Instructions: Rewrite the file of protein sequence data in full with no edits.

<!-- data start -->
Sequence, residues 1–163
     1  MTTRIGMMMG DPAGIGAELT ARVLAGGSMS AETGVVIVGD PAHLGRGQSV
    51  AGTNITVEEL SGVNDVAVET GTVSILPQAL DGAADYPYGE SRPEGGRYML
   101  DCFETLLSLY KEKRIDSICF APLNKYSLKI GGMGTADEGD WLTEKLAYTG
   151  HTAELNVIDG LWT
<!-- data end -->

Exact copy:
Sequence, residues 1–163
     1  MTTRIGMMMG DPAGIGAELT ARVLAGGSMS AETGVVIVGD PAHLGRGQSV
    51  AGTNITVEEL SGVNDVAVET GTVSILPQAL DGAADYPYGE SRPEGGRYML
   101  DCFETLLSLY KEKRIDSICF APLNKYSLKI GGMGTADEGD WLTEKLAYTG
   151  HTAELNVIDG LWT